We are now entering the season of the college jitters. Soon the envelopes will be in the mail, each carrying the weight of somebody's future. For one month at least, fat will be in and thin will be out.
But something is happening in the academic world.
More and more frequently it is the college worrying about acceptance and the student worrying about value. The ivory tower is made of more than greenbacks, but the combination of an inflated economy and a deflated young population may be stripping it of prestige.
The most selective institutions still pick and choose among applicants. But colleges across the country generally accept 80 percent of those who apply. Some even recruit students with all the gentility of a PhD Barnum and Bailey.
More and more admission offices operate like marketing divisions. Some buy lists of names and numbers from college boards as if they were direct-mailing Christmas bulbs instead of course catalogs. Others have produced shopping-center extravaganzas at which they hand out balloons and frisbees, along with the allure of the degrees. Still others give bonuses to student headhunters.
To make up for a lack of 18-year-olds, as John Sawhill, the former president of NYU once said, they are also "going after adults with all the grace and dignity of the California gold rush."
There are attempts by the higher-education people to regulate themselves, but the competition for survival, particularly among schools that depend overwhelmingly on tuition, is likely to become more intense.
As the Carnegie Council on Policy Studies in Higher Education fantisized in one of its scenarios for the future: "Colleges and universities will compete for ever more scarse students in destructive ways, including false advertising, easy academic credits, soft courses, grade inflation. . . ."
Even now families are worrying about the degree that costs more but is "worth" less. The average price of college has gone up about 100 percent in 10 years. Tuition, room and board next year at Harvard will cost $10,540. Tuition alone at the state colleges in New York will be more than $1,000 a year.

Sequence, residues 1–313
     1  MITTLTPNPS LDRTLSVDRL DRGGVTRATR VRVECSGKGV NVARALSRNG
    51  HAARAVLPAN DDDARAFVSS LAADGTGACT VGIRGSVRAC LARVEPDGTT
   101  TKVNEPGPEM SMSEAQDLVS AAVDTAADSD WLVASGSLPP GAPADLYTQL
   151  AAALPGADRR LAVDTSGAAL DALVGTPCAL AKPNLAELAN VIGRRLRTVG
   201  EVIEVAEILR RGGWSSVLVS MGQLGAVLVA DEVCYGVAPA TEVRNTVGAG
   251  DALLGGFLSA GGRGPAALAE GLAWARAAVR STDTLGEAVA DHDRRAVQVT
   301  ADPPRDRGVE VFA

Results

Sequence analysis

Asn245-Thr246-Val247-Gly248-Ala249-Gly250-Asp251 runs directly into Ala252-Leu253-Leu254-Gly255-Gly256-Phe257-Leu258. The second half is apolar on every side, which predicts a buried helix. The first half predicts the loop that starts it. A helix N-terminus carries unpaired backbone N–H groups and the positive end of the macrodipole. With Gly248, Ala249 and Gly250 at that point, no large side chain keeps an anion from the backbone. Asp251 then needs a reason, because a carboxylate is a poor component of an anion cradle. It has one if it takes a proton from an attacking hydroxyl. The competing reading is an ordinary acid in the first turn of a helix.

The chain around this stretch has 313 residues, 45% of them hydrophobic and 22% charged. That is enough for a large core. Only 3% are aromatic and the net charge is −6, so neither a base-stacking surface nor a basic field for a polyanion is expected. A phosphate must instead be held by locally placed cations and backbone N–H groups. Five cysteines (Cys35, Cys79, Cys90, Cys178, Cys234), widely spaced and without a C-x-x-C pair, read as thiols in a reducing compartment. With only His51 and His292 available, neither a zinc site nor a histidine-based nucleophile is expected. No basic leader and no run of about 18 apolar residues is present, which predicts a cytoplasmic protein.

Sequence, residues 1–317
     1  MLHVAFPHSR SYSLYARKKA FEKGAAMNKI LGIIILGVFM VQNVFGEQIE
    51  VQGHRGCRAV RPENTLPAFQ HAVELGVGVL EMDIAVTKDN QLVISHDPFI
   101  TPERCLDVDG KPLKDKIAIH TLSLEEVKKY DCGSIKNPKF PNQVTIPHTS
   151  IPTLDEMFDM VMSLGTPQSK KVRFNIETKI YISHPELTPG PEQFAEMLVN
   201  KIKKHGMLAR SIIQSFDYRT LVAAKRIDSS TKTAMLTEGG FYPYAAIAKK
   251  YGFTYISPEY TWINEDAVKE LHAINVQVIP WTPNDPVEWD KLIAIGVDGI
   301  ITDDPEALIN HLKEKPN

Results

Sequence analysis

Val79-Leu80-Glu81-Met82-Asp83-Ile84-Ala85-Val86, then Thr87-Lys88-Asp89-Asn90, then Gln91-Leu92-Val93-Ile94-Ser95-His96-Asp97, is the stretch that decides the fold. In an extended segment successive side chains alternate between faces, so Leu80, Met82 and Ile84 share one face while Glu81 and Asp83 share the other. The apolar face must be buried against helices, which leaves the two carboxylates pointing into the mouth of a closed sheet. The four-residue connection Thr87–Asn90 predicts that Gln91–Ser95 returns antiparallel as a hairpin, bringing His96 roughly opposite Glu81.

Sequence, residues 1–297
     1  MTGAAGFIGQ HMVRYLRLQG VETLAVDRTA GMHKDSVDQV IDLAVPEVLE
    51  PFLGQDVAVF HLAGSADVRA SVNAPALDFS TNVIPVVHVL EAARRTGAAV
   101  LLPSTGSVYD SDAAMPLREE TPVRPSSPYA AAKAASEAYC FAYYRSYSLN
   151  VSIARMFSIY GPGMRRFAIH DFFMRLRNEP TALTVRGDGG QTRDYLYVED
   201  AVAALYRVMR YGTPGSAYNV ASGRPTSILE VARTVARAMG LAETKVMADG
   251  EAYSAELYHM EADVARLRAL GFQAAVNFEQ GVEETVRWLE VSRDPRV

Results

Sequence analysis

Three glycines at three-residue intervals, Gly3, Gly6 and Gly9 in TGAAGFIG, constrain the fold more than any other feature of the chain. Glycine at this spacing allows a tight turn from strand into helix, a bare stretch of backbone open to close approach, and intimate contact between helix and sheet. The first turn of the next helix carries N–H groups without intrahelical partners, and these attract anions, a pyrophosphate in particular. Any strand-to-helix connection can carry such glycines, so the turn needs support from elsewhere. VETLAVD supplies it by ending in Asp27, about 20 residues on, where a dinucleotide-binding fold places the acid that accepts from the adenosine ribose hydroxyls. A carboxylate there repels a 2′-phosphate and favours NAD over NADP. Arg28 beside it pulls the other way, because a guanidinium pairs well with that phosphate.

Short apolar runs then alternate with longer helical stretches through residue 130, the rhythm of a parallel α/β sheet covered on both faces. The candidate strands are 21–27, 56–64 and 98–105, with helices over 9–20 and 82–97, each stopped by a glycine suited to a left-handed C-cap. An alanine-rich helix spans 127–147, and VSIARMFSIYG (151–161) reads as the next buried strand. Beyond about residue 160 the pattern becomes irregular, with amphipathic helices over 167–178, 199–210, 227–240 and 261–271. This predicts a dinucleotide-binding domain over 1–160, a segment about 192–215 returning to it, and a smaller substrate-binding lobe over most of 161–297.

Parents are paying more and students are owing more. As the government cuts back on loans, the real costs go up even higher.
It's not easy to think of this staggering debt as a sound "investment." From the late 1960s to the late 1970s, the number of people enrolling in college grew by 184 percent, but the earnings gap between college and non-college graduates narrowed from 40 percent to 25 percent. Now, with half the high school graduates going to college, the gap is still narrowing.
"There is the sense," says Russ Edgerton of the American Association for Higher Education, "that having the credential doesn't mean very much, but not having it is a disaster. The degree becomes a necessary, insufficient, credential for anything."
A circle of anxiety is created that pushes parents, students and colleges into thinking more and more narrowly about short-term gains: education that can be instantly translated into a "good" job. And this only adds to the problem.
Prof. Stephen K. Bailey, at the Harvard Graduate School of Education is "deeply worried about the attitude generally, that if you are a warm body and have the money, we'll take you. The end of that road is everybody having a degree that is meaningless."
He is not against the "democratizing" of college, or against vocational education. The goals of colleges -- from community colleges to four-year liberal arts programs -- are obviously and legitimately different. But, he says that "the ultimate test is whether at the same time you are constantly trying to improve the level of the thinking and understanding."
In terms of an investment, he says we have to think big, to think of a whole life, only 90,000 of which will be spent on the job. Real security has to do with the broad training of somebody for a versatile life."
The lingering value of college is still what Jack Arbolino of the College Board describes: "It's so that later on in life when you knock on yourself, somebody answers."
But it's hard sometimes to remember that, here in the season of the new college jitters.